Our introduction to the pit bull breed came when I rescued a stray pup many years ago. He was a brindle-coated friendly fellow, ready to stay with anyone who showed him love. I found him in at my oldest son’s place of employment. It was a cold, icy winter day, and this klutzy puppy just wanted a place to get warm. I opened my car door, preparing for the drive home, and the dog beat me in and curled up on the front seat of my car. I couldn’t find it in me to put him out and leave him in the parking lot to freeze, so covered him up with a blanket and took him home. It was a long holiday weekend, so I knew he was ours until the following Tuesday. I took a lot of grief for this unwanted visitor, but by Tuesday morning, it was apparent the puppy had possibly found his forever home. We went through all the normal channels to find his owner, but none ever came forth. After months of holding our breath, Dawg became part of the family.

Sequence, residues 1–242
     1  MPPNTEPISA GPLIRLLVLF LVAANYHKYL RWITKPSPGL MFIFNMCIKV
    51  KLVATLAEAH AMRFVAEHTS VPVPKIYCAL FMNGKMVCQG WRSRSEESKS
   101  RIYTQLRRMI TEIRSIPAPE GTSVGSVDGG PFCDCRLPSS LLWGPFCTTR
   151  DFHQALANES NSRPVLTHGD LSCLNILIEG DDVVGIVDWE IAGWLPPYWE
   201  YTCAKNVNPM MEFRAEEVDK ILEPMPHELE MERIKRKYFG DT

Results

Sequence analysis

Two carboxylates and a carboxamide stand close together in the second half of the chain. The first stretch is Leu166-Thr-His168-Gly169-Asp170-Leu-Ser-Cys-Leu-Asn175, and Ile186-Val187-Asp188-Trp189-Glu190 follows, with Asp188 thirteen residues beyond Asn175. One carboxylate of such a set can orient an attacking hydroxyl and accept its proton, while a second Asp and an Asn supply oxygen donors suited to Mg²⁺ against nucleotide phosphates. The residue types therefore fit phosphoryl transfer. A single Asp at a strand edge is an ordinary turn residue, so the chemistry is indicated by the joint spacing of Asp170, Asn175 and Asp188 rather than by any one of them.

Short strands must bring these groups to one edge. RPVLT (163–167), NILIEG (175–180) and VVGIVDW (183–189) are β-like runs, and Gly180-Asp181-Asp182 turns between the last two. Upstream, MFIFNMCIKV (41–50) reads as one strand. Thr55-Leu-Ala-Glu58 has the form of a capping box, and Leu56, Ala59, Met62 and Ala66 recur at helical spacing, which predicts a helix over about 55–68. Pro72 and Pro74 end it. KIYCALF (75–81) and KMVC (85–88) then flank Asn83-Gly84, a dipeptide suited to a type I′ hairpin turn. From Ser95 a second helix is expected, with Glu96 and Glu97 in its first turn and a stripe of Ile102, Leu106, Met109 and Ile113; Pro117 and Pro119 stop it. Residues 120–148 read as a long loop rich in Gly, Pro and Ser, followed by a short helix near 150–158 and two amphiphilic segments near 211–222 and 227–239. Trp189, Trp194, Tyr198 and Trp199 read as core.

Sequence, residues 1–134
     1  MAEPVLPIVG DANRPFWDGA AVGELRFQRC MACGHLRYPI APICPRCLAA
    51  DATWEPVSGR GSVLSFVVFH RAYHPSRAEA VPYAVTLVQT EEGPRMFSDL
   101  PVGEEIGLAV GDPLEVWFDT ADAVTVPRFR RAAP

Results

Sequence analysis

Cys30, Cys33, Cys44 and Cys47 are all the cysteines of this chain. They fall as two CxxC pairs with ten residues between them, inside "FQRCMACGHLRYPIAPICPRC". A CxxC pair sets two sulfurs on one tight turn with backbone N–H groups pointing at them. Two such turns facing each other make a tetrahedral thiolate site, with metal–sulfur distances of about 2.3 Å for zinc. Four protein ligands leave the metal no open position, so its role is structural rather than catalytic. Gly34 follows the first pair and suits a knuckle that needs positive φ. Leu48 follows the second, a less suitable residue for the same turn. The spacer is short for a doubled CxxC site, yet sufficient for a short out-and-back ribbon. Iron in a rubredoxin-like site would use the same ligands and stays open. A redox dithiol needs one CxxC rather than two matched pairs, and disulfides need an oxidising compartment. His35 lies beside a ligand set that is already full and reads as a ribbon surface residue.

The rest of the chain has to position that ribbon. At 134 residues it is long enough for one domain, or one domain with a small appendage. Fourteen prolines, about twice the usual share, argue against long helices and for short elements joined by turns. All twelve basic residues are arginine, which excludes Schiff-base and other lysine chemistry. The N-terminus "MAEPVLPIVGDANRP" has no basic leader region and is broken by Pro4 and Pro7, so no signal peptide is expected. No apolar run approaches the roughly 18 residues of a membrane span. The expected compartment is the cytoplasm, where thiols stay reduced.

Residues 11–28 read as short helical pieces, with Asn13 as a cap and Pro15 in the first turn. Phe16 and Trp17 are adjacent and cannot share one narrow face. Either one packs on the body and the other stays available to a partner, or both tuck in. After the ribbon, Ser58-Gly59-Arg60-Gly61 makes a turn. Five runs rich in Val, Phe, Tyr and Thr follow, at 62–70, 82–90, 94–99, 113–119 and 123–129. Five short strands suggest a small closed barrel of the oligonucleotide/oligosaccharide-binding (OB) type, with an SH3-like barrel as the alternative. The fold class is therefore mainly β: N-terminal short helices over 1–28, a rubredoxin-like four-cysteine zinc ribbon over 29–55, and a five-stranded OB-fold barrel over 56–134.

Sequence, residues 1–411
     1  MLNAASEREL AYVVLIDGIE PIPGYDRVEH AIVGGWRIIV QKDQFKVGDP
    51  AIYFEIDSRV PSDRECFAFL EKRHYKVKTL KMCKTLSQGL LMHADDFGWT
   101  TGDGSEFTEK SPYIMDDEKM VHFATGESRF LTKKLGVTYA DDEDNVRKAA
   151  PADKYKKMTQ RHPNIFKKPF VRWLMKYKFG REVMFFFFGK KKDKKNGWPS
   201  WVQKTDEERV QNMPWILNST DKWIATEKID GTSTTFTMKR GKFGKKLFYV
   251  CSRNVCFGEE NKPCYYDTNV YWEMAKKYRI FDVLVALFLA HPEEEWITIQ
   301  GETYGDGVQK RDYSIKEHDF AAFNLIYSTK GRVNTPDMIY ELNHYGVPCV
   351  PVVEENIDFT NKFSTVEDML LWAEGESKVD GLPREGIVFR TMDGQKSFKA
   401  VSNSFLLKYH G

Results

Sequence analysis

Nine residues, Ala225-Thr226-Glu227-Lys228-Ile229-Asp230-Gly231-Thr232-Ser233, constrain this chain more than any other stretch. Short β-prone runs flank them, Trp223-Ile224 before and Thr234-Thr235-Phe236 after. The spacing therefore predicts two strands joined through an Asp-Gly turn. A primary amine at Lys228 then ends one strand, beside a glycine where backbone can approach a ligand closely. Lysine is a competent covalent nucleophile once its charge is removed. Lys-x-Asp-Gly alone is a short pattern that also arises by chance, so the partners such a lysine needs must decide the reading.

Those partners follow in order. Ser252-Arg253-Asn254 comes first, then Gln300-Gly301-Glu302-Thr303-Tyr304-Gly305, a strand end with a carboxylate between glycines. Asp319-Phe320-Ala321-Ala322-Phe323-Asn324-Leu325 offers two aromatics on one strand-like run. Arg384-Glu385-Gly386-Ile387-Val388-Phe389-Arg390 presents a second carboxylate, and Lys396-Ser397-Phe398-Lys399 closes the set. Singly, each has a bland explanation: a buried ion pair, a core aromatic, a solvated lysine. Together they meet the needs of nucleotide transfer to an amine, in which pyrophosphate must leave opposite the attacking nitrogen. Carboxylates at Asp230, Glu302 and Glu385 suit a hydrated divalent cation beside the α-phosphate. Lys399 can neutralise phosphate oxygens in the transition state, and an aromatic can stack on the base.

Dawg even developed his own fan club. People would stop by, greet us, and then ask for Dawg. We figured he was more popular than us. We were owned by several pits over the years. We found them to be mischievous rascals that kept us laughing. We never knew what shenanigans these dogs could come with. Easily trained and faithful, they constantly surprised us with their pranks.
Pits can be made to act ugly, but even those dogs, once rescued from such a life, can be rehabilitated into great pets or even therapy dogs. It’s too late to convince us all pits are bad dogs, we know better. Just like any other dog, pits need structure and boundaries and love to flourish.Posted in Uncategorized | No Comments »